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Tuesday, September 26, 2023

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Federal judge blocks AZ law that 'disenfranchised' Native voters; government shutdown could cost U.S. travel economy about $1 Billion per week; WA group brings 'Alternatives to Violence' to secondary students.

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Senator Robert Menendez offers explanations on the money found in his home, non-partisan groups urge Congress to avert a government shutdown and a Nevada organization works to build Latino political engagement.

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An Indigenous project in South Dakota seeks to protect tribal data sovereignty, advocates in North Carolina are pushing back against attacks on public schools, and Arkansas wants the hungriest to have access to more fruits and veggies.

Legal Clinic: How to Put a Pot Conviction Behind You

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Monday, September 19, 2022   

A special legal clinic is being held on September 24 in Buffalo about expunging certain marijuana convictions.

The clinic, a collaboration between several Buffalo and Erie County legal agencies, helps people get smaller marijuana-related crimes expunged from their records, as part of the 2021 New York State Marijuana Regulation and Taxation Act.

Some offenses eligible for expungement are possessing up to 16 ounces or selling up to 25 grams of marijuana.

Erie County District Attorney John Flynn said he hopes this clinic will expedite the process of removing any barriers these convictions created.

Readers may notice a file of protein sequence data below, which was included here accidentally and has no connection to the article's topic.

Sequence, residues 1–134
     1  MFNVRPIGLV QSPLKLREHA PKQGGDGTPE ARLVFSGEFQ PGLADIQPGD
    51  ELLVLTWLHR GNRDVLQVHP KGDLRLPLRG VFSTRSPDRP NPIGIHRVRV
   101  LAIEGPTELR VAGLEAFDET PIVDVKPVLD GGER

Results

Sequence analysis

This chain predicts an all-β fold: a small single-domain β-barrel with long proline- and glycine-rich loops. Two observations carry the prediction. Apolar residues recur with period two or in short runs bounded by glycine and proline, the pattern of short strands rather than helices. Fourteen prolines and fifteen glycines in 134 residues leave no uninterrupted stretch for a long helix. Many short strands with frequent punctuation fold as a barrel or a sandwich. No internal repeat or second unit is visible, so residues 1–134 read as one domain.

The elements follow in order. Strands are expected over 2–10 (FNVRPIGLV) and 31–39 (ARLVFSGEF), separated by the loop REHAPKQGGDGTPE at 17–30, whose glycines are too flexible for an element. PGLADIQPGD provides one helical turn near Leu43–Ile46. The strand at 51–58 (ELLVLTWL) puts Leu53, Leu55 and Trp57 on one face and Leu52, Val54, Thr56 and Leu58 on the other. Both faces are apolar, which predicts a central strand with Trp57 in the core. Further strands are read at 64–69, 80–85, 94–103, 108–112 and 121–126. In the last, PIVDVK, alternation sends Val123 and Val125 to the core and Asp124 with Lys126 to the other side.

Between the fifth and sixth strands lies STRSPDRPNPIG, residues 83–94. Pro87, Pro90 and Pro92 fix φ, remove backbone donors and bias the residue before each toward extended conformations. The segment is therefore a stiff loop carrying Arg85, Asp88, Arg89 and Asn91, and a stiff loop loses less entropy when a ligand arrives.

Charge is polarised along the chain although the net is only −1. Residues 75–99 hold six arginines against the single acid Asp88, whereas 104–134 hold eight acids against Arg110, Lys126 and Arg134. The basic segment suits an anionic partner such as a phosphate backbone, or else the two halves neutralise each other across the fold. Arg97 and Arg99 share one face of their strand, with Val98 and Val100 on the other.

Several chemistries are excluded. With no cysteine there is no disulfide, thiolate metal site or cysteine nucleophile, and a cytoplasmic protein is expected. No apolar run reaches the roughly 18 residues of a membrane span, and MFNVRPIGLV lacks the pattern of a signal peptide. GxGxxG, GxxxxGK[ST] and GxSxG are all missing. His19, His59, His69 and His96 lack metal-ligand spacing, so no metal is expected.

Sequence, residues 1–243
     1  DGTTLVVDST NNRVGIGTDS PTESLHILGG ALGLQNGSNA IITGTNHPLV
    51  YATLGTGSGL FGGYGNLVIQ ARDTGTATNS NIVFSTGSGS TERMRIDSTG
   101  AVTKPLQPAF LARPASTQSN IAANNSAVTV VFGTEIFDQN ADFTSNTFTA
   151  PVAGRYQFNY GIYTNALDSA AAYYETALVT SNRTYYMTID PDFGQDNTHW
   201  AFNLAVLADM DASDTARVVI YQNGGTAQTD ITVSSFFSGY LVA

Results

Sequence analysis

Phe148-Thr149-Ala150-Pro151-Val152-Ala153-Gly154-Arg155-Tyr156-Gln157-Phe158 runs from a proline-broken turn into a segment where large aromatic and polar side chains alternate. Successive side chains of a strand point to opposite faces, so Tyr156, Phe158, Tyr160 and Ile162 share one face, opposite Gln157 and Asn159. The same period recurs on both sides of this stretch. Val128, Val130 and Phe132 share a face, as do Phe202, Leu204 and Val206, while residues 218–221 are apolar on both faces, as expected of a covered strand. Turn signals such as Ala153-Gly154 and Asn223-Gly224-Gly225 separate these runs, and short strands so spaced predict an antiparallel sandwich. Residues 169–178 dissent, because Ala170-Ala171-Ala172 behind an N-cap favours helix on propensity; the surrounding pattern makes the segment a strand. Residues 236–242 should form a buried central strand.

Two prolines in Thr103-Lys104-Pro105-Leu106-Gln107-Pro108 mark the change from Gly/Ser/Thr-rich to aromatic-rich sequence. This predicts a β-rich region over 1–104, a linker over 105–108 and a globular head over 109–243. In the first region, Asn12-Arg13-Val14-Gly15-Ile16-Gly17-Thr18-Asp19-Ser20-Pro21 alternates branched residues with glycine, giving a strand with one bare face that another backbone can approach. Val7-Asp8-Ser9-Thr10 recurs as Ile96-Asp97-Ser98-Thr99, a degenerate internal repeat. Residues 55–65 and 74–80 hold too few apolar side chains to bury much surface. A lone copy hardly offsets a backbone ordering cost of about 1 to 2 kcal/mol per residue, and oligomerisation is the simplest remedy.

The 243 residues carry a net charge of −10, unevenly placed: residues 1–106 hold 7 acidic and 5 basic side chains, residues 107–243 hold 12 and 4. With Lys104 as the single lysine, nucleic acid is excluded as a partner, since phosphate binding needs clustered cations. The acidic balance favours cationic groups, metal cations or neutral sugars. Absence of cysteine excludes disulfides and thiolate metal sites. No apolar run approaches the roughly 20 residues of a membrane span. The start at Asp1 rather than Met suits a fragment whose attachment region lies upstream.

"The goal is to mainly help people out who did something ten years ago, or even longer, that's now legal," said Flynn, "so they can get a better job, get in the military, go back to school, get a student loan, and become productive members of society."

In fact, come March of next year, the state will automatically expunge these convictions. But Flynn encouraged people to get this done earlier because the state's bureaucracy could make the process take longer.

The clinic will be held at the Elim Christian Fellowship in Buffalo from 2 to 4 p.m, September 24.

One of the bigger challenges in alerting people to this quicker method has been simply getting the word out.

The provision for expunging convictions was entrenched in the legislation, and Flynn said he feels it might have been overlooked, with more attention paid to other elements of legalizing marijuana for recreational use.

Another challenge has been getting people to understand how painless the process really is.

"People don't want to come to court obviously, it's not on their top ten list of things to do everyday. And I get that," said Flynn. "So, I just try to convince them and convey to them that, 'Listen here, I'm inviting you to come to court for me to help you.' And again, they don't normally think that the D.A. is going to help out people, because when people come to court normally I'm putting them in jail or prosecuting them."

The first of these clinics was held in August, which Flynn says was modestly attended, with just two motions to expunge records being the result.

Not everyone is eligible for expungement and during the first clinic, Flynn had one person looking to have a felony possession charge expunged, but instead was only able to get it reduced to a misdemeanor.




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